Swim Bits – Dick Hannula 2


Dick Hannula

Dick Hannula

Dick Hannula is the most successful high school swimming coach in Washington state ever.  His teams at Wilson High School in Tacoma won 24 straight state championships.  Hannula coached at the Olympics and several times at the Pan American games.

A few years ago I was going through some old swim files, and I came across an old mimeograph sheet of “Hannula’s Hints” and published about half of them in the Aqua Master.  Here are some more of them as food for thought, and application to your own swimming.

  • Dare to dream. It takes a lot of guts to live out a dream.
  • You have to dream before you can have goals. If you can’t dream, you are in trouble.
  • When you set goals, don’t set hamburger goals. Be specific.  Don’t say “Faster;” say 1:10.
  • Be persistent, consistently persistent. If you are not persistent, you are in trouble.
  • The greatest attribute you can have is to be consistent. Some goals are not obtainable in one year.
  • Training is directed exercise. When you are really fit, there are some great feelings in workouts.  Training has to be done hard if you want results.
  • The objective is to swim fast in races. Training should relate to racing.  Training puts into the body what racing takes out.
  • You want to picture what you are doing right.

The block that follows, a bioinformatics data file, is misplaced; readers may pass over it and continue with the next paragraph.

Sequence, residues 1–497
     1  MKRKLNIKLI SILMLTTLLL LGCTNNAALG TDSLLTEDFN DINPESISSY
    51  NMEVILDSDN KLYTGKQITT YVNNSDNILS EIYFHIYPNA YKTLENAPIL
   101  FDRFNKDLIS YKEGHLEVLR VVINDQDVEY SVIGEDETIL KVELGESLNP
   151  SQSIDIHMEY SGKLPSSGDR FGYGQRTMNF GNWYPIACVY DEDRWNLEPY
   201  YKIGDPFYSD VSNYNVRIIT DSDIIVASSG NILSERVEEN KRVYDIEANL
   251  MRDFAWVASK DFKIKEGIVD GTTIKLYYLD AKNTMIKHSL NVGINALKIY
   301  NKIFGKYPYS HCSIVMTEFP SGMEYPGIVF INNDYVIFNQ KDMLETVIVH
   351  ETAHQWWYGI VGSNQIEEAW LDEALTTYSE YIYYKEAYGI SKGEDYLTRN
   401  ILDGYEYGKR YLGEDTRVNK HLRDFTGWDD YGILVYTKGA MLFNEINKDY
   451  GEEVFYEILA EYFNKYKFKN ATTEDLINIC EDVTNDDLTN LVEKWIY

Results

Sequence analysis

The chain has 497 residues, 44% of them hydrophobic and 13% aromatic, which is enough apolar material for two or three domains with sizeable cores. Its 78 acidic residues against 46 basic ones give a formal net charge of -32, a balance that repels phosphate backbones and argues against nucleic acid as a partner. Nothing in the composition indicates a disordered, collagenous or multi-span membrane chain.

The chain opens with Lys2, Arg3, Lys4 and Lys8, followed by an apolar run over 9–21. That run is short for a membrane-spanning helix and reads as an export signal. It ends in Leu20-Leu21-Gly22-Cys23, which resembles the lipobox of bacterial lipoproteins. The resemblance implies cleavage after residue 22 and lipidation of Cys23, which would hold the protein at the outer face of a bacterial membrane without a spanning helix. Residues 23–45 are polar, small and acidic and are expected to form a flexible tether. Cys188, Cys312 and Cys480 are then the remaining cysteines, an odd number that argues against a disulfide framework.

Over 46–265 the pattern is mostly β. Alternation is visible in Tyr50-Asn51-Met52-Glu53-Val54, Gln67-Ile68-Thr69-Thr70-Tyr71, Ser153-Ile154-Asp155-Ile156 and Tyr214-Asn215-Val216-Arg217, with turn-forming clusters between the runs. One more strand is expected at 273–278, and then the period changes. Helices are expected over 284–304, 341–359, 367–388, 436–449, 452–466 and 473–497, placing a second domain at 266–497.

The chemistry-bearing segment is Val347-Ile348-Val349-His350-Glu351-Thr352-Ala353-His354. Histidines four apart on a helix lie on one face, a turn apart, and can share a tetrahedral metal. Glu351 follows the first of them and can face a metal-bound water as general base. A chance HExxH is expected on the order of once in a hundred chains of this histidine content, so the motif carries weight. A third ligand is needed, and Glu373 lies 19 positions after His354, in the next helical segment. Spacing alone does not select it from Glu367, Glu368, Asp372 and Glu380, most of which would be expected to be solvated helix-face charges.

• You want to “feel” for the water on every stroke in training and races.
  • A national record holder’s answer to the question, “Were you surprised at setting the record?,” said, “No. I swam that race a thousand times in my mind, and I only had to do it once in the pool.”

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2 thoughts on “Swim Bits – Dick Hannula

  • Peter R Metzger

    Of course, I remember Dick Hannula. He had the greatest collection of swimmers in the Pacific Northwest. One of his swimmers became my coach and best friend. His name was John Hartman. John became a coach because of Dick. When in high school he was Dick’s assistant and learned from him. Later in life, when he turned Lake Oswego High School into a swimming powerhouse, John took his team up to Tacoma to swim against his old coach and mentor, Dick Hannula. Dick had never lost a dual meet in all the years he coached high school swimming. Of course, John was extra motivated to win, he was a great coach but he was even better at motivating his swimmers. When it was all over and they counted up all the points at the conclusion of the meet, Lake Oswego did what no other high school had ever done…. they beat Wilson High School and gave Dick Hannula his only loss. It was one of John’s biggest accomplishments. His quote was this “when the student beats the Master”.